Le Corbusier Introduction by Jean-Louis Cohen Translation by John Goodman
Published in 1923, Toward an Architecture had an immediate impact on architects throughout Europe and remains a foundational text for students and professionals. Le Corbusier urges readers to cease thinking of architecture as a matter of historical styles and instead open their eyes to the modern world. Simultaneously a historian, critic, and prophet, he provocatively juxtaposes views of classical Greece and Renaissance Rome with images of airplanes, cars, and ocean liners. Le Corbusier's slogans―such as "the house is a machine for living in"―and philosophy changed how his contemporaries saw the relationship between architecture, technology, and history. This edition includes a new translation of the original text, a scholarly introduction, and background notes that illuminate the text and illustrations.
Jean-Louis Cohen (1949-2023) authored over 30 books on architectural history and was a preeminent authority on Le Corbusier. John Goodman is a translator and art historian. He has rendered some thirty books from French into English.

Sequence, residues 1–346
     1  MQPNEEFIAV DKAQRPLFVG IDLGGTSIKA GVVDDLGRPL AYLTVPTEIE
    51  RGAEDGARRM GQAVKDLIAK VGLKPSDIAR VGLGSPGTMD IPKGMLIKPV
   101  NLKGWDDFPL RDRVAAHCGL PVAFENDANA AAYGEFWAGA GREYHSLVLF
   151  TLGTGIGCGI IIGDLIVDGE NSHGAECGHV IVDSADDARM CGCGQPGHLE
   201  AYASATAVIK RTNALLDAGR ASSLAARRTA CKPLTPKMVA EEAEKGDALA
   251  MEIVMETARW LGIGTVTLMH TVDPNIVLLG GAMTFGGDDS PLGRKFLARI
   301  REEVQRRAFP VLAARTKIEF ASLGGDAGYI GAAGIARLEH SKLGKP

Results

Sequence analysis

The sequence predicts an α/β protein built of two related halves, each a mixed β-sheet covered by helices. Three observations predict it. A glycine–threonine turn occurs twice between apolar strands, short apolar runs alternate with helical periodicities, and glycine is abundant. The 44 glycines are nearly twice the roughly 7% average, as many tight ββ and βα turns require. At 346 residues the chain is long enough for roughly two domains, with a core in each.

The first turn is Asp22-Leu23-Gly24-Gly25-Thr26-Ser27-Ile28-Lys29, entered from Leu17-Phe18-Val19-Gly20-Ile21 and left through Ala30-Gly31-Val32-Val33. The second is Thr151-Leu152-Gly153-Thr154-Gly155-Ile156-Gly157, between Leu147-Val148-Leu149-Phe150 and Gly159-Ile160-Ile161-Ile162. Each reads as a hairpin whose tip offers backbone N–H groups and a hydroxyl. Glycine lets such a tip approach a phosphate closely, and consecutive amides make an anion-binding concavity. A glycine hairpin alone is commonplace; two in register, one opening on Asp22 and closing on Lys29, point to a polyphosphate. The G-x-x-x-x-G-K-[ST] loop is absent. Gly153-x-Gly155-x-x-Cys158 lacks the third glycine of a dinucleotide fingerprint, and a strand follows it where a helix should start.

Chosen as a Favorite Book of 2007 by the Art and Architecture Critics of The New York Times
"A new translation by John Goodman with an introduction by the architectural historian Jean-Louis Cohen will allow architecture buffs to experience Le Corbusier's manifesto in its full glory." —The New York Times
"Bursting with passion, wit and aphorisms . . . this seminal polemic is well worth reading (or rereading) for Le Corbusier's incisive analysis of early 20th Century architecture . . . Jean-Louis Cohen's scholarly introduction sheds fresh light. . ." —Chicago Tribune
358 pages 7 x 10 inches 249 b/w illustrations ISBN 978-0-89236-899-0 hardcover
Getty Publications Imprint: Getty Research Institute
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